Pelvic Floor Screening for Low Back, SI joint and Hip Pain

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Low Back and Pelvic Girdle Pain- Understanding Pelvic Floor Connections

Is the Pelvic Floor Balanced, Underachieving or Overachieving?

In my clinical practice, I regularly screen and evaluate my patients to determine the type of muscular dysfunction occurring in the pelvic floor.  Overwhelmingly I find overactive pelvic floor muscles in my patients with SI joint dysfunction and LBP. In cases like these, practitioners need to teach the patient to release the pelvic floor, rather than focusing solely on strengthening exercises. Understanding the connection between the pelvic girdle and the pelvic floor can improve patient outcomes.

What Does the Research Say?

In 2008, Eliasson, et al, found 79% of women with recurrent LBP experienced concurrent urinary incontinence (UI). This compares with 20-40% of the general population, depending on age. In 2016, Ghanderi, et al, built upon this research and showed that performing stabilization exercises with a focus on the pelvic floor led to improvement in both LBP and UI. Without the focus on the pelvic floor, LBP improved, but patients were still left with UI symptoms.

There is a growth in research supporting the connection between the pelvic floor, low back pain and pelvic girdle pain. New research shows this correlation goes beyond simple muscular weakness and points to a need to differentiate between patients with LBP who have pelvic floor muscle weakness versus an overactive pelvic floor. Ongoing research at McMaster University, School of Rehabilitation Science, in conjunction with Pelvic Health Solutions in Canada is helping to identify the incidence and type of pelvic floor dysfunctions associated with hip and LBP.

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There is also a correlation between radicular symptoms and urinary incontinence. A 2016 study by Kaptan, et al, found a statistically significant correlation (p=0.001) between LBP with radicular symptoms and urge urinary incontinence. A relationship between stress urinary incontinence (SUI) was noted as well, however the correlation was not as strong. This was the first study specifically looking at radicular symptoms and UI, and more research is needed in this area.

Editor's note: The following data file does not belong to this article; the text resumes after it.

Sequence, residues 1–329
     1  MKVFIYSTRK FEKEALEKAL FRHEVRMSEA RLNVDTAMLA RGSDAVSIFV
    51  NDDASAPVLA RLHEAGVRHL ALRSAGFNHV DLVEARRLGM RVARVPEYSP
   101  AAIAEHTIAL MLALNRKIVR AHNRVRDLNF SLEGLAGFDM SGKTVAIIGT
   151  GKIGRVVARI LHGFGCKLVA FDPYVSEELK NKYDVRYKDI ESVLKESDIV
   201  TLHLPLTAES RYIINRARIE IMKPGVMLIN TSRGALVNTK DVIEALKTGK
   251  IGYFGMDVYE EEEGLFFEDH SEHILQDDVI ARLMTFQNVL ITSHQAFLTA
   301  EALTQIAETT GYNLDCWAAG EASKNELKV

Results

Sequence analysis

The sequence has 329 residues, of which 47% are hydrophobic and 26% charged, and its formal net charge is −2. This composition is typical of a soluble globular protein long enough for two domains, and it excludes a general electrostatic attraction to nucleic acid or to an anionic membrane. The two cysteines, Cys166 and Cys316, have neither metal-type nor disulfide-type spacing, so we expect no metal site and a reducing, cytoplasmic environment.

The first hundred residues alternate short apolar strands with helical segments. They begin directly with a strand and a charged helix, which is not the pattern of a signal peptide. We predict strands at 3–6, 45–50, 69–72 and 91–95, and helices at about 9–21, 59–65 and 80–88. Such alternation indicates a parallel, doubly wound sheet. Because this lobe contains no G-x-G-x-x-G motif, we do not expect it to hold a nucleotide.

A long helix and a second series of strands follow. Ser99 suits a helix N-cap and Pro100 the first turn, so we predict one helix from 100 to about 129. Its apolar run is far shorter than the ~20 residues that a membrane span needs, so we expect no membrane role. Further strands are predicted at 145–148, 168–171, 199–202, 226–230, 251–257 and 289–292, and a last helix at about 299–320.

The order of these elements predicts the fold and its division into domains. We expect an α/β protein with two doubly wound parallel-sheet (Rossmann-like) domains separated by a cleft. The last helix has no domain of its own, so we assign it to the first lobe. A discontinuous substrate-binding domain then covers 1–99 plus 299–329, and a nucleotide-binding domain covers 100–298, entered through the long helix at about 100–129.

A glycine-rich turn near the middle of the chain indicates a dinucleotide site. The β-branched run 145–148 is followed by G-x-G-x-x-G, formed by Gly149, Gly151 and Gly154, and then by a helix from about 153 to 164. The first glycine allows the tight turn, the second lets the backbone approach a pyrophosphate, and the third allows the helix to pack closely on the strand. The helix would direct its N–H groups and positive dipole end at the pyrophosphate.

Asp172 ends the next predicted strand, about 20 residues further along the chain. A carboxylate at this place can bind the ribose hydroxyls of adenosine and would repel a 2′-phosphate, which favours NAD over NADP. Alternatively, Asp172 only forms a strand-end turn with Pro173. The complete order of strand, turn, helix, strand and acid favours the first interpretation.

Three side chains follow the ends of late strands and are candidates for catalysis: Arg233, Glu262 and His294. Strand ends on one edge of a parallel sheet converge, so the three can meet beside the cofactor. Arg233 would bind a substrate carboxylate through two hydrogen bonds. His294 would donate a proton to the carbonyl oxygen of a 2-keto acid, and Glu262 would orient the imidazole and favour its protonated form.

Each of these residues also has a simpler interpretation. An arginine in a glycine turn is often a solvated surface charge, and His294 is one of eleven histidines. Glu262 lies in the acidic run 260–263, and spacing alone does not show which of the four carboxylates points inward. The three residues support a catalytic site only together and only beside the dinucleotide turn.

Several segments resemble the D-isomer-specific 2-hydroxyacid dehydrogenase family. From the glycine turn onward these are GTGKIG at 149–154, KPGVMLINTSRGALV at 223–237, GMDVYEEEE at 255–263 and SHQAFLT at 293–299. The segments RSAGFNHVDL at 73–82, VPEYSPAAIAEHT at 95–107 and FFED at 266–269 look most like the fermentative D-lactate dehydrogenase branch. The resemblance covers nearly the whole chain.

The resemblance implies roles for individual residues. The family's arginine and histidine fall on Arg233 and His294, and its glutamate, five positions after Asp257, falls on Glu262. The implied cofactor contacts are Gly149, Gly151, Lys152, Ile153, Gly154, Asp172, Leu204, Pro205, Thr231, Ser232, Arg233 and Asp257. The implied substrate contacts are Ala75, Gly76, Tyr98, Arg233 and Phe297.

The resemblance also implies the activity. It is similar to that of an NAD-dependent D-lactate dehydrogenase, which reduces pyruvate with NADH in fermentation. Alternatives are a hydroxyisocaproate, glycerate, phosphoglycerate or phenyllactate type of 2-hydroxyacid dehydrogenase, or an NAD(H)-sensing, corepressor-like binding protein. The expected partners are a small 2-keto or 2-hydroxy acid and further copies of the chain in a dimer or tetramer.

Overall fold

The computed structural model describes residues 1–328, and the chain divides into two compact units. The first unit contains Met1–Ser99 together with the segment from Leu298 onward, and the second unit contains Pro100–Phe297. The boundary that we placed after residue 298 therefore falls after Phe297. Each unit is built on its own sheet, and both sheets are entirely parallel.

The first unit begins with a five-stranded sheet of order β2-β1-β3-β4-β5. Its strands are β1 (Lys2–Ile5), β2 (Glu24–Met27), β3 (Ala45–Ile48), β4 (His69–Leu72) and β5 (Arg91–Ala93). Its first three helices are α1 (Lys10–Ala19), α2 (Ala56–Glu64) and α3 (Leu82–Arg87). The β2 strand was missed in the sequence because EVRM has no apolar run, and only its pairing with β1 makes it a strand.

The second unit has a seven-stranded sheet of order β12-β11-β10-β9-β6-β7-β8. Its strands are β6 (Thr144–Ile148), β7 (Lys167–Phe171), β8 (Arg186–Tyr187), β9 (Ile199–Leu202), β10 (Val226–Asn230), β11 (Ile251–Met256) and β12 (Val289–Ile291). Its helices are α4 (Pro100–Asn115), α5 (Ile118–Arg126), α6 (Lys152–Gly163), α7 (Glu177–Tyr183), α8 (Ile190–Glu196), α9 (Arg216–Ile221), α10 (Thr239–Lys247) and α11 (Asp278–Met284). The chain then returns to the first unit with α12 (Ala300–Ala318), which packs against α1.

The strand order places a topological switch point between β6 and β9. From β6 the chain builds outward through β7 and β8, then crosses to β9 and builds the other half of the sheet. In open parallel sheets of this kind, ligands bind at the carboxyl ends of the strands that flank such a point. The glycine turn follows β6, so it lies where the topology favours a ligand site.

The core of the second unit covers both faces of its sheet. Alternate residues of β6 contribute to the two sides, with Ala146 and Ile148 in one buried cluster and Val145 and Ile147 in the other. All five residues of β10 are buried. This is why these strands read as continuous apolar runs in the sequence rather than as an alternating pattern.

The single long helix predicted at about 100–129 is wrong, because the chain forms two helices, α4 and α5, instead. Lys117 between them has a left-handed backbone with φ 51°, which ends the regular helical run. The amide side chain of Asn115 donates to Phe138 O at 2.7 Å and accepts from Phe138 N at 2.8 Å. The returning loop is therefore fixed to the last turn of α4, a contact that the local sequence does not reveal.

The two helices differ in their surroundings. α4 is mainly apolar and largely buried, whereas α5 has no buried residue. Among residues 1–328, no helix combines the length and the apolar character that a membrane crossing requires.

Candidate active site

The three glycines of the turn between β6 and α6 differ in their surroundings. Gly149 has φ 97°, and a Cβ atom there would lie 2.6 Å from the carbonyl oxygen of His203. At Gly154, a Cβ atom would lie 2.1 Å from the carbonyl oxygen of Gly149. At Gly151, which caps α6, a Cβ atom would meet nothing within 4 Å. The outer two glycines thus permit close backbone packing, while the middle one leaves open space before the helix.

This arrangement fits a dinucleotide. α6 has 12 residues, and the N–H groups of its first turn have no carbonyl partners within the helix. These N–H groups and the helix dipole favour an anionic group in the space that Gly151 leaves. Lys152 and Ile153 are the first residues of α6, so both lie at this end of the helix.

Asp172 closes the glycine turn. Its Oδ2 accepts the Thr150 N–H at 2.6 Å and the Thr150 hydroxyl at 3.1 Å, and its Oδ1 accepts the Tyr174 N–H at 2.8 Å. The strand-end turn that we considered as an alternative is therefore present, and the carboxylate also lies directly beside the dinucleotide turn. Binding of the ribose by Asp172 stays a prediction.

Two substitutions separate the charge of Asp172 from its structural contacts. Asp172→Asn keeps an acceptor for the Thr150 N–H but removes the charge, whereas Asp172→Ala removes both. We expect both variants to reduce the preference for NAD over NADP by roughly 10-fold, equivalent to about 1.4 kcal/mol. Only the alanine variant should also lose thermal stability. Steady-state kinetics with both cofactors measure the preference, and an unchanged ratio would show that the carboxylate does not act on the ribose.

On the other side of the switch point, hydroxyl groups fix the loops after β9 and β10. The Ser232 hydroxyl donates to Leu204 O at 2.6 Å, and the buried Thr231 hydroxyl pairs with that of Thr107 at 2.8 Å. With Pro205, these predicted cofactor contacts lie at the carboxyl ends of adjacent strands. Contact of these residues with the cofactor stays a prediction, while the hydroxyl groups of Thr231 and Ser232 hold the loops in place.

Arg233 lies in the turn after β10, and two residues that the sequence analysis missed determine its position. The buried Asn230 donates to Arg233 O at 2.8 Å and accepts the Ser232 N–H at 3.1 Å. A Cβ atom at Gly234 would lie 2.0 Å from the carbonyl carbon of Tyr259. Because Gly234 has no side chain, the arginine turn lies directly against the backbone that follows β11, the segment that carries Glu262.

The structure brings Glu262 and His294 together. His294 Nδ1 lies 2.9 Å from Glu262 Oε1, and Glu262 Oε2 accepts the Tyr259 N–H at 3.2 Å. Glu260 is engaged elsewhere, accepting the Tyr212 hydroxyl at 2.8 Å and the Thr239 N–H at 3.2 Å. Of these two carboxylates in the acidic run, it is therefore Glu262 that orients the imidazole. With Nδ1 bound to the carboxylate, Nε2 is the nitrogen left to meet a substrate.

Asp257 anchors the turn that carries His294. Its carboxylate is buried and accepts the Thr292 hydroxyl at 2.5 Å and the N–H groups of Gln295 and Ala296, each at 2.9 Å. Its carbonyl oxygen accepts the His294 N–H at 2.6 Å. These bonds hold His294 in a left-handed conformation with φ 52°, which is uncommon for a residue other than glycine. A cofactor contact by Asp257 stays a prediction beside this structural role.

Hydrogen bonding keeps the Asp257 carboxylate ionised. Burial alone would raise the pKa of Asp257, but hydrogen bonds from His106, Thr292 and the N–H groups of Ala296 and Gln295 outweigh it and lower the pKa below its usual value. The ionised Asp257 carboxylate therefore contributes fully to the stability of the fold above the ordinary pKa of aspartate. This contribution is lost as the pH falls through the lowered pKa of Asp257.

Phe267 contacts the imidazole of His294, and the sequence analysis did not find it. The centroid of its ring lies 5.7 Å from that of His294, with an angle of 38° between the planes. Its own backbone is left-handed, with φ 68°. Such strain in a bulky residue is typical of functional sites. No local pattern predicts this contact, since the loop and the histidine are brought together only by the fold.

Researchers have also looked at the incidence of pregnancy-related low back and pelvic pain (PLBP) and pelvic floor dysfunction. Pelvic floor dysfunction occurred in 52% of patients with PLBP, a significantly higher percentage than in the control group. These same women showed an increase in the muscular activity occurring in the pelvic floor muscles compared to healthy controls.

As a Physical Therapist, How Can You Help Your Patients?

First, recognize that many patients with low back pain, SI dysfunction or radiculopathy have pelvic floor complaints. To treat effectively and improve patient outcomes, addressing the pelvic floor component is necessary and beneficial. It is worth noting that unless specifically asked, many patients will not include urinary incontinence or pelvic pain in their initial complaints.

Second, learning to perform an external clothed exam can give a traditional orthopedic physical therapist a tool to assess pelvic floor muscle tone and strength. This allows integration of pelvic floor treatment, including stretch or release of overactive muscles, to help decrease pain and facilitate improved neuromuscular firing patterns. Providing postural education and breathing, and explaining how that affects the pelvic floor can also help.

Understanding the connection between the pelvic girdle and the pelvic floor can improve LBP and SI Joint patient outcomes. It can guide treatment, facilitate referrals if needed and improve quality of life.

Interested in Learning More?

Physical therapists, physical therapy assistants and PT students can register for my 2 day professional continuing education course on April 22-23, 2017  in Seattle, WA.  Early bird registration ends March 17, 2017. Here’s the link to Foundations of the Pelvic Girdle - Pelvic Floor Connections.

References

Eliasson, K., Elfving, B., Nordgren, B., & Mattsson, E. (2008). Urinary incontinence in women with low back pain. Manual therapy, 13(3), 206-212.

Ghaderi F, Mohammadi K, Amir sasan R, Niko kheslat S, Oskouei AE. (2016). Effects of Stabilization Exercises Focusing on Pelvic Floor Muscles on Low Back Pain and Urinary Incontinence in Women. Urology.;93:50-4.

Kaptan, H., Kulaksızoğlu, H., Kasımcan, Ö., & Seçkin, B. (2016). The Association between Urinary Incontinence and Low Back Pain and Radiculopathy in Women. Open Access Macedonian Journal of Medical Sciences, 4(4), 665–669. http://doi.org/10.3889/oamjms.2016.129

Personal communications Carolyn Vandyken, Nelly Faghani from Pelvic Health Solutions.

Pool-Goudzwaard, AL, Slieker ten Hove, MC, Vierhourt, ME, Mulder, PH, Pool, JJ, Snijders, CJ, Stoeckart, R.(2005). Relations Between Pregnancy-Related Low Back Pain, Pelvic Floor Activity and Pelvic Floor Dysfunction, Int Urogynecol J Pelvic Floor Dysfunct. Nov-Dec;16(6):468-74. 

Photo by mdid

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Kathe Wallace

About Kathe Wallace

Kathe Wallace has practiced physical therapy since 1976, focusing on pelvic floor rehabilitation since 1988. As a nationally recognized leader in the pelvic floor specialty of physical therapy, she evaluates and treats many types of conditions referred to her by medical specialists in orthopedics, physical medicine and rehabilitation, urology, gynecology, gastroenterology and colorectal surgery. Full Bio.. →

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